The Good Fight
“keep fighting the good fight”
During my stay in Greece volunteering at Ritsona Refugee camp, I’ve heard this phrase many times from my fellow teammates and I have come to comprehend the true meaning of it and its importance. The importance of fighting, of not giving up because now that our world seems to be shadowed by the rule of hatred and ignorance, we don’t have the time nor the luxury of staying silent and to stop fighting for what is right. This is no longer about being a conservative or liberal, left-wing or right-wing. It is simply about being human. It means that we are able to feel. To feel compassion, love and empathy and to simply stand up against the hatred that is constantly trying to divide us.
Ritsona refugee camp hosts more than 700 refugees, who have fled war and terror and have been through such pain and trauma beyond my understanding. They are now waiting in uncertainty, without knowing what will happen to them, without knowing if they will ever reach the peace and safety they have fought for. Yet, among this deep darkness and hopelessness, they carry so much kindness in their heart and they smile.
Echo100Plus, the organization I have been volunteering with, is a small Austrian charity that is entirely donation-based and it works with volunteers that come from all around the world. Everyday, me and my fellow teammates are responsible to distribute daily meals, clothing and basic necessities to the residents of the camp and everyday we are confronted with situations where we have to say “no”. And it never gets any easier. I had to say “no” to a young mother of three, asking for milk for her children. I had to say “no” to a kind man who was asking for a piece of bread for his pregnant wife. Because of one harsh reality we were confronted everyday: there is not enough. Every time I felt an ache in my heart, I could be on the other side of distribution window, it could be any of us.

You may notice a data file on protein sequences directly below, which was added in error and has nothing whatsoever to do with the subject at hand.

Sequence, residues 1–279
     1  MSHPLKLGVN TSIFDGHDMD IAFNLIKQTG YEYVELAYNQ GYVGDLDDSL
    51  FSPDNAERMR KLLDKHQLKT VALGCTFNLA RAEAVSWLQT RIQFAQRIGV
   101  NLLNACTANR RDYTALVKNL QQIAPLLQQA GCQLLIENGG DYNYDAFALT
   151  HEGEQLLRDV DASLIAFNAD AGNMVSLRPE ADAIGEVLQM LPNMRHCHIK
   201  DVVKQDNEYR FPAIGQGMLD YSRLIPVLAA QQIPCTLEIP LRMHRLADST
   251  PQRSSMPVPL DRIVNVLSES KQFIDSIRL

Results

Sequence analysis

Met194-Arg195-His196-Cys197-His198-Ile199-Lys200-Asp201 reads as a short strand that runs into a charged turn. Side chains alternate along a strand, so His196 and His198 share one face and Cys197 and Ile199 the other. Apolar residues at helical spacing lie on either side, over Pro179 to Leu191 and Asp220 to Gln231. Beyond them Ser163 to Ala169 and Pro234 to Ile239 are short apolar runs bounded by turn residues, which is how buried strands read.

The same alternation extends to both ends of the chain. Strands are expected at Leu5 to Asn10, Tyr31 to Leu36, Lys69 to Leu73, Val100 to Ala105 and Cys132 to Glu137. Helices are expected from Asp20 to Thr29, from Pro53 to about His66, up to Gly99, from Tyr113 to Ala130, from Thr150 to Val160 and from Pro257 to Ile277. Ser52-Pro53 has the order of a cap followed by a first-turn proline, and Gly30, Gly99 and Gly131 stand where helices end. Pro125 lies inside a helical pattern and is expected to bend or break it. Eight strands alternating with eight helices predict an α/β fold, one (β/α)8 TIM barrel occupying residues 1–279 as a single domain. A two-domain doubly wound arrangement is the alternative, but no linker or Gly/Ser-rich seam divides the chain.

Yet here I am, writing this in the safety of my home in the Hague, a home that was not hit by a barrel fell from the sky. I could leave in the end, back to my “ordinary” life, I could continue my studies and be with my family and loved ones. But there are thousands that cannot go back home, among them the residents of Ritsona refugee camp that I have come to know and who have shown me extreme kindness in the darkest hours of their lives, they are still stranded in the limbo of uncertainty. They cannot leave. They don’t know what future holds for them, whether they can study again, work and build their lives fresh. There are thousands that are living this uncertainty everyday. And this is simply not fair.
َAnd here we are, with the leader of the “free world” as the source of spreading hatred and division. As we get closer to the elections in Europe, Wilders and Le Pen follow Donald Trump’s lead and give promises of closing borders and “restoring their nations”. I have felt absolute anger and utter helplessness, helplessness in a world that seems to be falling into darkness of ignorance and hate. But I also have seen hope, hope and strenght in the eyes of millions of people who took on the street all around this globe after Trump’s executive order, standing up to restore empathy. I have seen unity and compassion and I believe that we have the power to make change. I am tired of hearing that the problem is bigger than us. Or that there is nothing for us to do. It can be volunteering, donating, protesting, informing and raising awareness or helping a recently resettled refugee family in the neighborhood. It’s about individuals and not losing touch of the humanitarian side of the crisis. Please remember that every bit of help counts.
But our most important task is to not give up. To not lower our voice and to stand up against the normalisation of hatred and ignorance.
Let’s keep fighting the good fight.